New Mexico joins the club of 15 states who have adopted Clean Car rules. These rules are based on California’s emissions and fuel economy standards- the state environmental Improvement Board. Along with it is the City of Albuquerque-Bernalillo County Air Quality Control Board, that have all voted to adopt clean standards. Further following “a robust stakeholder engagement process over the past year.”
The clean car standards are about the zero-emission vehicles (ZEV) and low emission vehicle (LEV) standards. Here, the ZEV is about automakers selling high numbers of plug-in vehicles. And the LEV is about having reduced emissions of pollutants and other greenhouse gasses. These rules will be effective starting for the models on road from 2026.
👏👏👏 Thanks to @GovMLG and @MayorKeller for making NM a clean cars state! Your leadership on climate & a clean economy will benefit New Mexicans across the state for generations to come https://t.co/HNgO6LQcvT#NMCleanCars #CleanAir #NMPol #ClimateActionNow #ProtectPublicHealth pic.twitter.com/D0XAwcb3RY
— NMCleanCarsCleanAir (@NMCleanCars) May 5, 2022
The all-new Mexico Clean Cars Clean Air coalition has more than 35 nonprofit organizations, local agencies, businesses, and unions. These were supported in the rulemaking process. Dr. Virginia Necochea of the New Mexico Environmental Law Center said, “We applaud the administrations of Governor Lujan Grisham and Albuquerque’s Mayor Tim Keller for taking this important step towards reducing greenhouse gas emissions by at least 26% by 2025 in line with the Paris Agreement,”
Furthermore, Sierra Club Rio Grande Chapter, Ken Hughes said, “More than 900 New Mexicans submitted comments supporting these standards. The American Lung Association has found that electrification will save New Mexicans $3 billion and save 273 lives.”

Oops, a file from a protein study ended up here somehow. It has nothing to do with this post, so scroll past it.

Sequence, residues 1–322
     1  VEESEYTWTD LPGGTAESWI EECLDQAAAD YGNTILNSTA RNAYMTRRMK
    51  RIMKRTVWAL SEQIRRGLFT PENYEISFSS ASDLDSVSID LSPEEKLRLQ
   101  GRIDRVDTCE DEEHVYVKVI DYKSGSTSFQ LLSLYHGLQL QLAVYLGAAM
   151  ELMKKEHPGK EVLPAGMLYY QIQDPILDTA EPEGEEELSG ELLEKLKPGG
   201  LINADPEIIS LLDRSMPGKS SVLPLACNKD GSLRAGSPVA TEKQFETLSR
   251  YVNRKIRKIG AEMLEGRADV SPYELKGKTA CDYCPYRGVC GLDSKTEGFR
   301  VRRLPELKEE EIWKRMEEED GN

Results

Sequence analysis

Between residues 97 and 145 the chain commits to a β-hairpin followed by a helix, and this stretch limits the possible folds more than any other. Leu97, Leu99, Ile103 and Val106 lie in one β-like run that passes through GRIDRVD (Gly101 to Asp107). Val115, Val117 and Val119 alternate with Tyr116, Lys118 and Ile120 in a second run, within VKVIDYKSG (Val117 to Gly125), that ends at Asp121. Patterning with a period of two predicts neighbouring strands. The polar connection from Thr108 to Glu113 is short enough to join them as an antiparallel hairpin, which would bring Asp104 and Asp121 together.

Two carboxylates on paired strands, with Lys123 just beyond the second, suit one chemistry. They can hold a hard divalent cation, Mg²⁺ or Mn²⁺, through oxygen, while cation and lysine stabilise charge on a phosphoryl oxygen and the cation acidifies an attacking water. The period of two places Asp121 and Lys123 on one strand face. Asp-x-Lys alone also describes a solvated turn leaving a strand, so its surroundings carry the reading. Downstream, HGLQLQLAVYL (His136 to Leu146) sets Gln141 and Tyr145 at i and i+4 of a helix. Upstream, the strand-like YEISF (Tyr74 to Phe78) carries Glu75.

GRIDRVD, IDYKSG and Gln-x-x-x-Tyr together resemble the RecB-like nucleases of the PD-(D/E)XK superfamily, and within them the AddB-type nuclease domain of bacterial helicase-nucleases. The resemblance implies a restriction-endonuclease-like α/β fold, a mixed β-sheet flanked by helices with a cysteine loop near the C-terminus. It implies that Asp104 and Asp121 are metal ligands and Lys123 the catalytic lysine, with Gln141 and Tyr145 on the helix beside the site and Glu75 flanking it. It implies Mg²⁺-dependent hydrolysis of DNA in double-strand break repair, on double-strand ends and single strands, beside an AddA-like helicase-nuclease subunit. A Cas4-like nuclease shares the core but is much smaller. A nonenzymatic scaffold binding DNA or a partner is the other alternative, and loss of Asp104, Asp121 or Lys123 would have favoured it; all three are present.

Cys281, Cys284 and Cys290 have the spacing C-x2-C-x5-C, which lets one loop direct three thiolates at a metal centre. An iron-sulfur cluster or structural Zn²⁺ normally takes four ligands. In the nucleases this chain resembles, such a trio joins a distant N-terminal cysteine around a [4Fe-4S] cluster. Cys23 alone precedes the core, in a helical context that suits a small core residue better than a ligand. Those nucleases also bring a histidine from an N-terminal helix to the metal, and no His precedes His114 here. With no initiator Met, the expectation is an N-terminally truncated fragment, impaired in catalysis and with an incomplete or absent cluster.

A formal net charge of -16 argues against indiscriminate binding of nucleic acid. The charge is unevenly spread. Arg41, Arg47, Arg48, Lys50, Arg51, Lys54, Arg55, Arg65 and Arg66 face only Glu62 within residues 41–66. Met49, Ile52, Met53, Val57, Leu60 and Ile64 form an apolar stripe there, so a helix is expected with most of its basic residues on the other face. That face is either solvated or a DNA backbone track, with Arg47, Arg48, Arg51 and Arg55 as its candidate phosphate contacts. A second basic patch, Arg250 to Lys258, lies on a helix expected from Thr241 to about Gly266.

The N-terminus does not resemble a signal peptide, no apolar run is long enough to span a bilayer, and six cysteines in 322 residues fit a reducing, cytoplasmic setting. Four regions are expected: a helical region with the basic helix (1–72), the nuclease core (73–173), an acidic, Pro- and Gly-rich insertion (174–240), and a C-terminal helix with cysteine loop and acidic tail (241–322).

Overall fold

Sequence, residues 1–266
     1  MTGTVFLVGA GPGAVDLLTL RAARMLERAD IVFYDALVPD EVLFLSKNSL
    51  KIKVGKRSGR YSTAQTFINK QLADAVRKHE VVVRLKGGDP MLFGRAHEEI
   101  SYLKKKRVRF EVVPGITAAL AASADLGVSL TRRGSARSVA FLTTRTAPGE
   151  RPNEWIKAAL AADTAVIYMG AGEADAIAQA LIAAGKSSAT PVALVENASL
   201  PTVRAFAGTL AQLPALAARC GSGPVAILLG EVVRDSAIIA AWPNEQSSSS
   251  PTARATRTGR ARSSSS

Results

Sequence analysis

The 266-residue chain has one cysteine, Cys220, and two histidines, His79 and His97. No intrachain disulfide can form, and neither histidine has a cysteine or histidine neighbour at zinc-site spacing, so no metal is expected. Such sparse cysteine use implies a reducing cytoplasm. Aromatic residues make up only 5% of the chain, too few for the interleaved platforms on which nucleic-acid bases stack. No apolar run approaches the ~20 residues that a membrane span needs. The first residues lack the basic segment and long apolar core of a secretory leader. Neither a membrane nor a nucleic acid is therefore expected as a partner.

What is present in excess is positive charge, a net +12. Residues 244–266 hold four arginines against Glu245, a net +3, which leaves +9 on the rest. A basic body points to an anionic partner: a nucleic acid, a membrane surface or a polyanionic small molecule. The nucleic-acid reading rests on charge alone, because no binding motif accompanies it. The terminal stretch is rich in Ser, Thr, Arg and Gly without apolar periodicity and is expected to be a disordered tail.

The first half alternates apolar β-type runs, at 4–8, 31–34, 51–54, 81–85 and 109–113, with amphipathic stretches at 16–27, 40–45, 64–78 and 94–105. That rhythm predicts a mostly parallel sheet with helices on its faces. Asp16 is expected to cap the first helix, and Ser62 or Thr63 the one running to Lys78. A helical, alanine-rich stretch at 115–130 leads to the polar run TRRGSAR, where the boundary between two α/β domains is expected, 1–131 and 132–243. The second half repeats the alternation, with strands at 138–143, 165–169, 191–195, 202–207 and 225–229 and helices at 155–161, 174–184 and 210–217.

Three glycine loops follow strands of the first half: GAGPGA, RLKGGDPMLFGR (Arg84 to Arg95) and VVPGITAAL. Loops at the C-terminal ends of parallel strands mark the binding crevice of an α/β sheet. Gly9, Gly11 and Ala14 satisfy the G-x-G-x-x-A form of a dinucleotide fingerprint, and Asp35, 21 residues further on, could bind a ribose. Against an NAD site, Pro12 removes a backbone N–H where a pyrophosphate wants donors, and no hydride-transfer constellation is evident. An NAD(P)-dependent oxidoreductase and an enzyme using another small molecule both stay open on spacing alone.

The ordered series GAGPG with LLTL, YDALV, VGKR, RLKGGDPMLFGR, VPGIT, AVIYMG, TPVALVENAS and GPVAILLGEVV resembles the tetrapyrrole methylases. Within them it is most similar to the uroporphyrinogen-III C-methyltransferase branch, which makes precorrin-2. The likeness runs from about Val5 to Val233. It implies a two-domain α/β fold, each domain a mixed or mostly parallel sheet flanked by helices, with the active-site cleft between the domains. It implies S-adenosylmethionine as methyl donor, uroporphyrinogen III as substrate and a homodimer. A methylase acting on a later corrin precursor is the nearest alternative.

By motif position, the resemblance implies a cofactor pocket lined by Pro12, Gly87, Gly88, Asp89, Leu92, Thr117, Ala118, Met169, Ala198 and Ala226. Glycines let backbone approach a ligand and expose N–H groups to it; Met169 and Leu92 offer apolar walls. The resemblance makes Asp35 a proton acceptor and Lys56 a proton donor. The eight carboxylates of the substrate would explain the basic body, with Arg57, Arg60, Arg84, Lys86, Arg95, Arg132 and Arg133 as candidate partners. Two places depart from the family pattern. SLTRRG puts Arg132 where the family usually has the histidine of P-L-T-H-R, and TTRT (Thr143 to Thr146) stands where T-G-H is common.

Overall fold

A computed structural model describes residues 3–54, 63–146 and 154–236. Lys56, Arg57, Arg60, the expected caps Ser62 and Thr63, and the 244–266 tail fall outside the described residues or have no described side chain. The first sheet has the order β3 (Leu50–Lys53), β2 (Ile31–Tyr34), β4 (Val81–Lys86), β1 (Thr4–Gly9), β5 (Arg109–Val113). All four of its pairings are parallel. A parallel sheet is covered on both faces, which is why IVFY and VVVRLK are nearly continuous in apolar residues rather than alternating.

Additionally, Aaron Kressig of Western Resource Advocates said, “We look forward to working with the state to build on this momentum and bring forward Advanced Clean Trucks and Advanced Clean Cars II standards,” Transportation is the second-largest contributor to greenhouse gas emissions, harming New Mexico’s air and environment. Transportation-related pollutants are linked to many adverse health effects, including decreases in lung function, inflammation of airways, aggravated asthma, increased risk of cancer, damage to the immune system, and neurological, reproductive, developmental, and other health problems.
“Clean cars make sense for New Mexico,” says Tammy Fiebelkorn of the Southwest Energy Efficiency Project. “Clean cars will save us money, conserve gasoline, protect our health and help preserve our climate. The bigger we go on clean transportation, the larger the benefits will be. We’re looking forward to working with the Lujan Grisham administration on further policies to clean up our cars and trucks.”
In early 2019, Gov. Lujan Grisham announced that New Mexico would join the U.S. Climate Alliance. It is a bipartisan coalition of 23 governors committed to reducing greenhouse gas emissions. Reducing by at least 26 percent from 2005 levels by 2025 – a goal consistent with the Paris Agreement.